Cremona M worth it?

This thread has been banned for I don't know why!!!
Reason for my thread is that I want to own a pair myself and I want owners of these speakers to tell us how good they are. I will be replacing Thiels 3.6 with them. I have CJ Premier 350 power. Thanks.
This is not a direct answer to your question but it might still be of some help. I own the Cremona Auditor M's. I originally used them with a REL B-2 in my primary system. I felt that the Auditor M's, together with the REL B-2, significantly ourtperformed the Cremona M's, primarily in terms of transparency and in their ability to disappear. And that combination (Auditor M's and REL B-2) is substantially less money than the Cremona M's. I subsequently moved the Auditor M's to my second system sans the REL B-2, not because of any dissatisfaction with the Auditor M's but simply because I purchased far better speakers to go with the REL B-2 in my primary system. But I still listen A LOT to the second system, probably 40 percent of the time. The sheer musicality of the Auditor M's has a lot to do with that!
I have the REL Storm for movies.
There is a pair of Cremona M demo offered almost the same price as the auditors so I am tempted!
It seems they need a lot of power to bring out their bass as I have heard them with new CJ250 and not too impress.
Owner of Cremona M please tell me if you have success driving them.
I own the M's and drive them with MC 501's and single MC 275. Fantastic results with both. The MC 275 was a BIG suprise with regards as to how it handled the M's. It sounds way more powerful than it's 75 watts. Very close to the 501's, too close. So, I guess I feel they are easy to drive, because of how they sound with the MC 275. And yes they are worth it, every penny. Very musical speakers and built to very high standards.
Great, Any other owners want to comments?
I had a pair of Cremona M's for a few months. I sold them because I did not feel they reproduced voices properly. They just did not sound natural to me. They added an electronic sounding artifact to women in particular. I was using them with ARC Ref gear, and McIntosh gear. There was a review somewhere on them the noted this voice irregularity, but the reviewer still seemed to like them. For me, innacurate vocal reproduction is a definite deal breaker. Frustrating, because they looked beautiful in my room, and I wanted to like them.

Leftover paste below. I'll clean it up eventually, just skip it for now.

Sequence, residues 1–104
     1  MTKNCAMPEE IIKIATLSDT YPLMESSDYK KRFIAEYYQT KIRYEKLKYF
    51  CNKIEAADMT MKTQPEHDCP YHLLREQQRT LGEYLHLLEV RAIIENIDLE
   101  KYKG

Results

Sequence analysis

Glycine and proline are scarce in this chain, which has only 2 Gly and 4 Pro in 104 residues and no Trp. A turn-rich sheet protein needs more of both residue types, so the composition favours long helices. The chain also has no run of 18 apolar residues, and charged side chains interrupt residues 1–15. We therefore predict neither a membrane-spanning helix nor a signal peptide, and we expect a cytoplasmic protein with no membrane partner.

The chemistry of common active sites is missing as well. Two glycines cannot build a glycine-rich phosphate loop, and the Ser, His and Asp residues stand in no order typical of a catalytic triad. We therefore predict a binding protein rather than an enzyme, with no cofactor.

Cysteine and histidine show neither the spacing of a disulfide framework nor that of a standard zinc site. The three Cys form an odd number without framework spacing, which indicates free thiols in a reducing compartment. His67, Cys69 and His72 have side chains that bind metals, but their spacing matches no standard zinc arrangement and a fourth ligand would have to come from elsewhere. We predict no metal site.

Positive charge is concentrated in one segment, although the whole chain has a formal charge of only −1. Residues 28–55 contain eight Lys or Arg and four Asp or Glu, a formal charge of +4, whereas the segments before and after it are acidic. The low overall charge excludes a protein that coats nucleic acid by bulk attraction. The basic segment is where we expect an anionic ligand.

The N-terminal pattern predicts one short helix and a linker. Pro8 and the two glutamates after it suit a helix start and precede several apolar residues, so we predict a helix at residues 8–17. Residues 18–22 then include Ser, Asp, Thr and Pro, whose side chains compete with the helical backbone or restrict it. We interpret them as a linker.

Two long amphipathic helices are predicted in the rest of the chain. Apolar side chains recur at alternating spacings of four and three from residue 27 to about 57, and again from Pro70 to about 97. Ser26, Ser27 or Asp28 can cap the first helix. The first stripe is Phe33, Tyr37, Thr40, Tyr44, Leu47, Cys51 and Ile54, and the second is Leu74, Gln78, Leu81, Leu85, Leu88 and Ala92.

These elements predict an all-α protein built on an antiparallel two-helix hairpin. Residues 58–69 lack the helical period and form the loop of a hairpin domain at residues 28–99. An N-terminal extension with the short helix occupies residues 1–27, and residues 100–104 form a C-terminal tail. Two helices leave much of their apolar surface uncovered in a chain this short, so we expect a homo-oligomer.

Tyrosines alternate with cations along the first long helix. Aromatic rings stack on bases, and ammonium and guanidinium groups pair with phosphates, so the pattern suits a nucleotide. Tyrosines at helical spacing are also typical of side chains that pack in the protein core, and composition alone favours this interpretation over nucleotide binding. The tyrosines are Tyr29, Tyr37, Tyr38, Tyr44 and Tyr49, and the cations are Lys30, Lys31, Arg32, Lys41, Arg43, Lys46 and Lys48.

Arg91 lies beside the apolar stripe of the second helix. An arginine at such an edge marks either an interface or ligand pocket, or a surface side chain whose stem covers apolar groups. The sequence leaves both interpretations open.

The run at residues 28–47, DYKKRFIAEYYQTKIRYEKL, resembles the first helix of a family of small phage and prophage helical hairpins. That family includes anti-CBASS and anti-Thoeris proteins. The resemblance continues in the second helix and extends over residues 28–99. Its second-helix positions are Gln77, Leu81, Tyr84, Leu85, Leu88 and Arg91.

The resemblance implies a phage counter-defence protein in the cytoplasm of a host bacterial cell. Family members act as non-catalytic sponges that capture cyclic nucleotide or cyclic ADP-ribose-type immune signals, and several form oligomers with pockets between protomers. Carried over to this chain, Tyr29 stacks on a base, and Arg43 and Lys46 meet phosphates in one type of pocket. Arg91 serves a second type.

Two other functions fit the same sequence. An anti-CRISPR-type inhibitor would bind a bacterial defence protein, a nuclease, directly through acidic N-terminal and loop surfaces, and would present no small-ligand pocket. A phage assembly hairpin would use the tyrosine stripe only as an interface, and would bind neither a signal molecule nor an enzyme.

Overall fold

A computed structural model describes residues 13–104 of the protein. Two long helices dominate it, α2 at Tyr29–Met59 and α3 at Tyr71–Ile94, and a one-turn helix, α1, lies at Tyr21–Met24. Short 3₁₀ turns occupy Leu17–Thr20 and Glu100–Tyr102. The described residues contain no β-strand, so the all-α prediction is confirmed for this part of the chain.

Hummm, Dbarer. What was the total estimate time the speakers have?
Hi Dbarger, I have listened to them and found the vocals quite detailed and nice, but not as romantic as the old version. Could you explain what unnatural does it seems to you?
They had probably 200 hours on them. I am sure you will say that is not enough, and maybe it isn't, but I have not found that the fundamental character of a speaker to change that much that I felt I would be satisfied. I understand many are happy with them. That is why they make different flavors, I guess... I think maybe the review that noted the vocal glitch was the Kessler review in HiFi News, perhaps??
I am not saying they were awful. They were not to my liking.
No, I think you mean this review by Neil Gader:

I'm having the Cremona M's over myself at the moment, after hearing them in four different locations already. I will soon let you know what my final judgement is ;-)
Well, I've been living and breathing with this speaker for a couple of days now, which is not very long, I know, but bear in mind that I've extensively heard this speaker in four different locations already and that first impressions with audio in my case usually stick and stand.